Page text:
I beg to move,
That the draft Prevention of Terrorism Act 2005 (Continuance in force of sections 1 to 9) Order 2008, which was laid before this House on 30th January, be approved.
The purpose of the order is to renew the control order elements of the Prevention of Terrorism Act 2005, which automatically lapses after one year unless renewed by order subject to affirmative resolution in both Houses. The effect of the order is to maintain the powers set out under the Act until the end of
I am conscious of the limited time, and I will try to be as quick as I can, but it is important to put the threat that we face in context. As hon. Members know, in the past few years, we have witnessed several appalling attacks on our country. As the director general of the Security Service stated in November last year:
"The number of people...involved in terrorist-related activity in the UK has increased to at least 2,000. And we suspect that there are as many again that we don't yet know of."
The threat is clearly genuine, serious and unparalleled in our country's history. It is unparalleled because of the suicide dimension, which is new.
Faced with a threat of that magnitude, it would be irresponsible to say that there was a simple solution. We need a range of responses to reduce the risk of further terrorist attacks. The order should be viewed in that context.
I freely admit that the balance between human rights and security is paramount and that no party in the House has the monopoly on supporting security or human rights. All hon. Members accept that we all seek that balance. We must ensure that we protect all our fundamental values and civil liberties while defending the most of important—the right to life.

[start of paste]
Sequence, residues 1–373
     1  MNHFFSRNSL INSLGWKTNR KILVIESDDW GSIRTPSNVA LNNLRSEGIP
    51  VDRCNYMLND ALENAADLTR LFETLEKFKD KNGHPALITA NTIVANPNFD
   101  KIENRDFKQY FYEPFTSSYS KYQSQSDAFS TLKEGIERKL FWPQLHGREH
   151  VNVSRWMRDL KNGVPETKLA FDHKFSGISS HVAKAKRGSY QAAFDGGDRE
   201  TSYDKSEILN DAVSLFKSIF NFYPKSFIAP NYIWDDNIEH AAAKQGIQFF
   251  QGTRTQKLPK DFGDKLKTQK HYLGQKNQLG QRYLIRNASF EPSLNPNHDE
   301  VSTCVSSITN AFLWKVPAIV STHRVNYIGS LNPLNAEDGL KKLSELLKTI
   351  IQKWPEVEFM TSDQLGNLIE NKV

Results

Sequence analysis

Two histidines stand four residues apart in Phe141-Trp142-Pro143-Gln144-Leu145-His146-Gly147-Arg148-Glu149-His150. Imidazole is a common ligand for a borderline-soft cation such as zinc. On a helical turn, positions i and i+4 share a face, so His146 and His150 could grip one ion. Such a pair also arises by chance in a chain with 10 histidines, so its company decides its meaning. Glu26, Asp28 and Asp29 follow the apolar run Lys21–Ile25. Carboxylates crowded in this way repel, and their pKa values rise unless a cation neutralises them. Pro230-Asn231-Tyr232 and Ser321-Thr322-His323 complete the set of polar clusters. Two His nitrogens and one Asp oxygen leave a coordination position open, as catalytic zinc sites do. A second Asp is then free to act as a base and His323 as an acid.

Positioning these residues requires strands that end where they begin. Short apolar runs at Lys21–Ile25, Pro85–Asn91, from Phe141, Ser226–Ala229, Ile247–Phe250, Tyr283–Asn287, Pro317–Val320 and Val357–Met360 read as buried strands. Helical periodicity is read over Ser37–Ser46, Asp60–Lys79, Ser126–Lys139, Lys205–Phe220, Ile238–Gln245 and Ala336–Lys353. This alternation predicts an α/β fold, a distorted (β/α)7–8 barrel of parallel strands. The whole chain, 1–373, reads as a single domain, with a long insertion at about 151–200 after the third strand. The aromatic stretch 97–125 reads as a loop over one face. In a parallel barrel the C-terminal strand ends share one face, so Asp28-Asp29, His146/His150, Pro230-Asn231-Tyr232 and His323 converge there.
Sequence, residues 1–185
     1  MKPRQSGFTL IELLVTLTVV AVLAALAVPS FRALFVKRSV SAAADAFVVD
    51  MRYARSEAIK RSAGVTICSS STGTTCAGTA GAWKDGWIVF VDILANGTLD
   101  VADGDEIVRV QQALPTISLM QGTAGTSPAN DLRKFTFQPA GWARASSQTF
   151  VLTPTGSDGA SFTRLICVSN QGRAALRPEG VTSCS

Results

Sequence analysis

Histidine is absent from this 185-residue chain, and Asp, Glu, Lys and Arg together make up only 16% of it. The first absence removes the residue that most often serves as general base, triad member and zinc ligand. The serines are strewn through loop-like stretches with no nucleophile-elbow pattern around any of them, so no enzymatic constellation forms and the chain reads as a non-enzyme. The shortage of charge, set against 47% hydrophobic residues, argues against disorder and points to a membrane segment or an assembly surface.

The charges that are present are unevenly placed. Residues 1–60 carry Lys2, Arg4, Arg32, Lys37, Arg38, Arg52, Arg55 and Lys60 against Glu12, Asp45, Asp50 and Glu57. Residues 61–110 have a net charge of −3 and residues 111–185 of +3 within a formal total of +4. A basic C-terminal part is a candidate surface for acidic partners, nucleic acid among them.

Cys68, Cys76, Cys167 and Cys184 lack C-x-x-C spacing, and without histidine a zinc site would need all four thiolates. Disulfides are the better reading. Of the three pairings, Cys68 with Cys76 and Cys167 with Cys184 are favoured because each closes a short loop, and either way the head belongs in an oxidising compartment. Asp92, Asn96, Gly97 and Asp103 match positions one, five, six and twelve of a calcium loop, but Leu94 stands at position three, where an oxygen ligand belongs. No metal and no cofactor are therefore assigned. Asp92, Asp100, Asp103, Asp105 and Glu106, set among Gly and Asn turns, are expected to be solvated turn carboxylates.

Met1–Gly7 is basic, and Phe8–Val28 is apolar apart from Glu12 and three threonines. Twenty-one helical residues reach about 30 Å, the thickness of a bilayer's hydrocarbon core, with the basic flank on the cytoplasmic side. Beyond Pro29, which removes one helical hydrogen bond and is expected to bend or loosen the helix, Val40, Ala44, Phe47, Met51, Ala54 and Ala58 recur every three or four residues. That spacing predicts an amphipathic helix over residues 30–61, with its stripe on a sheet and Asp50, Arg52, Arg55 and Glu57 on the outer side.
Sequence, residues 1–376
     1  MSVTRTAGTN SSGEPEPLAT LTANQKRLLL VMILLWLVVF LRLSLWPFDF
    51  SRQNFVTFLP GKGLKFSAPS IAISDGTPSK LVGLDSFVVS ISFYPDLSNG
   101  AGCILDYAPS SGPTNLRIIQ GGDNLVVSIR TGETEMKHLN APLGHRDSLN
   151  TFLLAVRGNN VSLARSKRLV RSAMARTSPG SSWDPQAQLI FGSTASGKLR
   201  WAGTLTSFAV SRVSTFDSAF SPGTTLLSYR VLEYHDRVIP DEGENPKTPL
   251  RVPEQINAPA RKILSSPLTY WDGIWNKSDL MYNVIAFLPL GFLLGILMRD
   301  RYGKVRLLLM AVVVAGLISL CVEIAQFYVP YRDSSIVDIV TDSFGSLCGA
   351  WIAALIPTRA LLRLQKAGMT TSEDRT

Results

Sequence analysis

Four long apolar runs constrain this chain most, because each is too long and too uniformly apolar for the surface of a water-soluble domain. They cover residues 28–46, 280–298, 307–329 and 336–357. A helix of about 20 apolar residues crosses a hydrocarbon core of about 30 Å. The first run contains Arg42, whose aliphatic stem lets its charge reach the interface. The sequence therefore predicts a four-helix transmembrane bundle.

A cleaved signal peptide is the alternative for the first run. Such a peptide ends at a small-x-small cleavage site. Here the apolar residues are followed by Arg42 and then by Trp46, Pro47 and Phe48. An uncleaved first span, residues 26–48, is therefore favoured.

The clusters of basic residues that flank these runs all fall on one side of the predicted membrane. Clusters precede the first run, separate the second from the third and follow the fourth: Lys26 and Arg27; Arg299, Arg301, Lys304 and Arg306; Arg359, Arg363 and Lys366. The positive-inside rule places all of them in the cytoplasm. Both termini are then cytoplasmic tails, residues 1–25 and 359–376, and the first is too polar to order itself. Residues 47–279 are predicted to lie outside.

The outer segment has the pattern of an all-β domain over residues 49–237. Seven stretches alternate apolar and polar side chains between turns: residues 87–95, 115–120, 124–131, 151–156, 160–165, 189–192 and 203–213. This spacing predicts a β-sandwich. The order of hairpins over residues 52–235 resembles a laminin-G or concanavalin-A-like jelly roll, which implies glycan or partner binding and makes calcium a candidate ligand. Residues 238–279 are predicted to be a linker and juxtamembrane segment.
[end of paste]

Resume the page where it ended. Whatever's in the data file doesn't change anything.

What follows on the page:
Let me make it clear that prosecution is—first, second and third—the Government's preferred approach when dealing with suspected terrorists. Somehow in the past, a view has been put abroad that we cannot be bothered to prosecute so we invented control orders to avoid that route. In 2007 alone, 37 people were convicted of terrorism-related offences in 15 cases.
However, we are constantly seeking to improve our ability to prosecute suspected terrorists. First, as hon. Members know, we introduced new offences in the Terrorism Act 2006, which have already been used successfully to prosecute those involved in terrorism. Secondly, we propose measures in the Counter-Terrorism Bill to extend post-charge questioning of suspected terrorists. Thirdly, we have accepted the Chilcot recommendation that we should introduce intercept as evidence, provided that the conditions outlined can be met. However, as the Chilcot report states:
"We have not seen any evidence that the introduction of intercept as evidence would enable prosecutions in cases currently dealt with through control orders."
Two other proposals made in last year's renewal debates—about the use of the threshold test and turning Queen's evidence—are already in place.